Papers & Reports A statistical forecasting approach to metapopulation viability analysis
Authors: P E Howell; Blake R Hossack; Erin Muths; Brent H Sigafus; A Chenevert-Steffler; R B Chandler
Date: 2020 | Outlet: Ecological Applications 2020:e02038
Conservation of at-risk species is aided by reliable forecasts of the consequences of environmental change and management actions on population viability. Forecasts from conventional population viability analysis (PVA) are made using a two-step procedure in which parameters are estimated, or elicited from expert opinion, and then plugged into a stochastic population model without accounting for parameter uncertainty. Recently-developed statistical PVAs differ because forecasts are made conditional on models that are fitted to empirical data. The statistical forecasting approach allows for uncertainty about parameters, but it has rarely been applied in metapopulation contexts where spatially-explicit inference is needed about colonization and extinction dynamics and other forms of stochasticity that influence metapopulation viability. We conducted a statistical metapopulation viability analysis (MPVA) using 11 years of data on the federally-threatened Chiricahua leopard frog to forecast responses to landscape heterogeneity, drought, environmental stochasticity, and management. We evaluated several future environmental scenarios and pond restoration options designed to reduce extinction risk. Forecasts over a 50-yr time horizon indicated that metapopulation extinction risk was <8% for all scenarios, but uncertainty was high. Without pond restoration, extinction risk is forecasted to be 5.6% (95% CI: 0?60%) by year 2060. Restoring six ponds by increasing hydroperiod reduced extinction risk to 1.0% (0 ? 11%) in year 2060. We found little evidence that drought influences metapopulation viability when managers have the ability to maintain ponds that hold water throughout the year and are free of invasive species. Our study illustrates the utility of the spatially explicit statistical forecasting approach to MPVA in conservation planning efforts.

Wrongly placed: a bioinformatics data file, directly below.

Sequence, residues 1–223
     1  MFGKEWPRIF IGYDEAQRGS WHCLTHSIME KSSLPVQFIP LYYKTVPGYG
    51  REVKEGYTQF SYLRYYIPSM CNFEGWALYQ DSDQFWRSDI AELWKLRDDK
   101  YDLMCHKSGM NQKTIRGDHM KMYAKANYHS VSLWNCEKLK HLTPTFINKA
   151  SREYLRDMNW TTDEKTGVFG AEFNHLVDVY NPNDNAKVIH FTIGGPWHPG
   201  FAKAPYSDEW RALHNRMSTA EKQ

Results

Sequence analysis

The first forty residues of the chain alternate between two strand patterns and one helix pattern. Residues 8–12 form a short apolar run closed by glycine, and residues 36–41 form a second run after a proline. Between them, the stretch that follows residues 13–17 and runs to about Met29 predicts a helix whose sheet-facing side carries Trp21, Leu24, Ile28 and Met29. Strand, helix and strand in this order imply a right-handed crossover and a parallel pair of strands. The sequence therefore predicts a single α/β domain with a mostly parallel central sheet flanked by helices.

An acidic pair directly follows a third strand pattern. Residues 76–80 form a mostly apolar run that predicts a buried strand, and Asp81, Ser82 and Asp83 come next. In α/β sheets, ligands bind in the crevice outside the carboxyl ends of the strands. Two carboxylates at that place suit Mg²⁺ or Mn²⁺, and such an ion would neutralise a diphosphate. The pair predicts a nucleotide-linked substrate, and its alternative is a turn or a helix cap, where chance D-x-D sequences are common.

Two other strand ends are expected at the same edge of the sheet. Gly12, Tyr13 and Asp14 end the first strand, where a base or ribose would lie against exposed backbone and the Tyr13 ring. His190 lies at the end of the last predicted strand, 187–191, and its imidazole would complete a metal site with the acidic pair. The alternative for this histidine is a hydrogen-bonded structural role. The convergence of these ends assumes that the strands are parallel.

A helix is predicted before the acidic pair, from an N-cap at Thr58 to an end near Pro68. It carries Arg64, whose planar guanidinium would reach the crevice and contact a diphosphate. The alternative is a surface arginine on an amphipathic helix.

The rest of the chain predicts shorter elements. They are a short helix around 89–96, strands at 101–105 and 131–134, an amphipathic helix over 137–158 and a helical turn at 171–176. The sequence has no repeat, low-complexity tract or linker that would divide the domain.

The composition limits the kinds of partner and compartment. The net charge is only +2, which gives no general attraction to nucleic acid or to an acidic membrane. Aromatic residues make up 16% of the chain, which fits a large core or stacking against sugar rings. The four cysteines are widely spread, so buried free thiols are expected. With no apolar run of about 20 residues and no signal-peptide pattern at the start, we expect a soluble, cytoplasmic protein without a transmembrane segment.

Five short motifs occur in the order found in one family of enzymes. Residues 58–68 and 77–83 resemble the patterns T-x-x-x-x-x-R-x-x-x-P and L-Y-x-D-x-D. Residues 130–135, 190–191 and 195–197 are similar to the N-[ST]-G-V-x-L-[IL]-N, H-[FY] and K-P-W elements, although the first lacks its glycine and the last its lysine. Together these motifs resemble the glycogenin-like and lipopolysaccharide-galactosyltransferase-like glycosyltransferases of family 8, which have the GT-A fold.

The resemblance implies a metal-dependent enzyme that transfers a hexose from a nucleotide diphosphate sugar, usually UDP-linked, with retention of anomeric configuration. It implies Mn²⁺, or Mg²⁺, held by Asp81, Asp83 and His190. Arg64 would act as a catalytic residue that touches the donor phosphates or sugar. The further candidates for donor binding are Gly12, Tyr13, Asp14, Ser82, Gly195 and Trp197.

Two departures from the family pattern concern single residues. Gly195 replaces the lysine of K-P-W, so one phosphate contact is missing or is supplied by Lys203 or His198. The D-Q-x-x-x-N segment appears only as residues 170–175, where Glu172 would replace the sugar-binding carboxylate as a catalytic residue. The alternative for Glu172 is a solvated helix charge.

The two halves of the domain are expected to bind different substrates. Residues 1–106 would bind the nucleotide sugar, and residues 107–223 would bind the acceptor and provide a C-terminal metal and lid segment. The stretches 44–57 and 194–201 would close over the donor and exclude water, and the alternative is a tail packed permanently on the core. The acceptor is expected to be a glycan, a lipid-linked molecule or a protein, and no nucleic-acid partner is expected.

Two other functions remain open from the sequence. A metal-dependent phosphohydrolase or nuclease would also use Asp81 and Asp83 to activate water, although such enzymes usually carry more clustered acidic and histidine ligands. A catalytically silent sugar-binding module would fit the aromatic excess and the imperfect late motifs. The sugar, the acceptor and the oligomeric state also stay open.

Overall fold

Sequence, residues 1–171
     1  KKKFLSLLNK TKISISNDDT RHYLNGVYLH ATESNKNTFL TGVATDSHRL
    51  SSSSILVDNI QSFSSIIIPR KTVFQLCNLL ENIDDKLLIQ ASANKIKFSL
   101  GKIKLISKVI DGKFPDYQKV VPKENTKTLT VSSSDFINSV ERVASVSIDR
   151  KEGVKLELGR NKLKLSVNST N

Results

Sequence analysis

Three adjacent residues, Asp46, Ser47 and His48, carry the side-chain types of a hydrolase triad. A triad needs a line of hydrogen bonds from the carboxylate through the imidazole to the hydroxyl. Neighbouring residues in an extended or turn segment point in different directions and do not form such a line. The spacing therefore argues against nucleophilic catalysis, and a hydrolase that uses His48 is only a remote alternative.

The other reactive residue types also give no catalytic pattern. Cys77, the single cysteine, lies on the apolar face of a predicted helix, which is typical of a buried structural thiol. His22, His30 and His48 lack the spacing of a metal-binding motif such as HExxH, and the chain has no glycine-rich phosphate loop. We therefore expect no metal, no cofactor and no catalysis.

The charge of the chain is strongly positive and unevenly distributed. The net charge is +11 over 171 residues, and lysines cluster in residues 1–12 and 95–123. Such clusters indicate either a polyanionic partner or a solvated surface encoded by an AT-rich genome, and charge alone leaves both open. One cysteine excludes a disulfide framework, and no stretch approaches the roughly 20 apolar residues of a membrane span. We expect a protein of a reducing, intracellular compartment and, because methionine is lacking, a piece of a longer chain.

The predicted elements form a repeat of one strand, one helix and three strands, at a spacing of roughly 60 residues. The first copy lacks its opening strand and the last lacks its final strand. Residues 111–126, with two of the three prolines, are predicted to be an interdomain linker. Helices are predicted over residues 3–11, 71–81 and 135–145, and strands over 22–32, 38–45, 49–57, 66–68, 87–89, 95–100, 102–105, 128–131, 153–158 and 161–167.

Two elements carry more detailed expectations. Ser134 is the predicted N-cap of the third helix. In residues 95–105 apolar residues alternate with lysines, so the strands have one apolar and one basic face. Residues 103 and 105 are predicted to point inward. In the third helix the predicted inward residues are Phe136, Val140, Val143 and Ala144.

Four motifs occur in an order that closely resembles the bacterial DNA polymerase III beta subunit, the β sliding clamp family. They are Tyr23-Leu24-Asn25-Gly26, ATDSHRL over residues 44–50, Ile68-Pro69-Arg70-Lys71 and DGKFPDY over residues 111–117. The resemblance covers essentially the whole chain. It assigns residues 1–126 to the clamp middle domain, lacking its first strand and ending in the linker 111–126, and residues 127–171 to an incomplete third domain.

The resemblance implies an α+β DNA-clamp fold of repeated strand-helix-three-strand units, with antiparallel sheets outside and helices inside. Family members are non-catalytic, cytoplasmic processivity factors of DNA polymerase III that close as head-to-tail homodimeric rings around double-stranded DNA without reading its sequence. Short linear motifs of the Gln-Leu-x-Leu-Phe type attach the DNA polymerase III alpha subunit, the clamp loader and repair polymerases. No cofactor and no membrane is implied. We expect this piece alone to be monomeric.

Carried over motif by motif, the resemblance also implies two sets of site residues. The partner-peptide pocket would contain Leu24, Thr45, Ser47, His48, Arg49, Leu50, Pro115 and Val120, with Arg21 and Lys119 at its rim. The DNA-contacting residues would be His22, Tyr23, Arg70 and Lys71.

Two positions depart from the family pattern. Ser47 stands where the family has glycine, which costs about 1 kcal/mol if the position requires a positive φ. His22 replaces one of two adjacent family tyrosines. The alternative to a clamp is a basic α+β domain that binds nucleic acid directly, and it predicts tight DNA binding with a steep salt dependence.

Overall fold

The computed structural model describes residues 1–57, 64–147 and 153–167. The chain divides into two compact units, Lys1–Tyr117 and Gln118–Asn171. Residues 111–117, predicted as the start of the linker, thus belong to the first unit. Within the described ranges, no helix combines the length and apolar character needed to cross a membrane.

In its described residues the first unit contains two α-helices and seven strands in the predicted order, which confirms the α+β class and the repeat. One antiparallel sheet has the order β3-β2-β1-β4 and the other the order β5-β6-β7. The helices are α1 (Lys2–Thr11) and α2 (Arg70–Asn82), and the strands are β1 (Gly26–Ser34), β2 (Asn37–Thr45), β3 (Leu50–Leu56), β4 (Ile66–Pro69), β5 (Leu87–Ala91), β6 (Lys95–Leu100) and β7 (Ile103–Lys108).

Papers & Reports Seeking shelter from the storm: Conservation and management of imperiled species in a changing climate.
Authors: Susan C Walls; William J Barichivich; J Chandler; A M Meade; M Milinichik; K M O'Donnell; M E Owens; T Peacock; J Reinman; O E Wetsch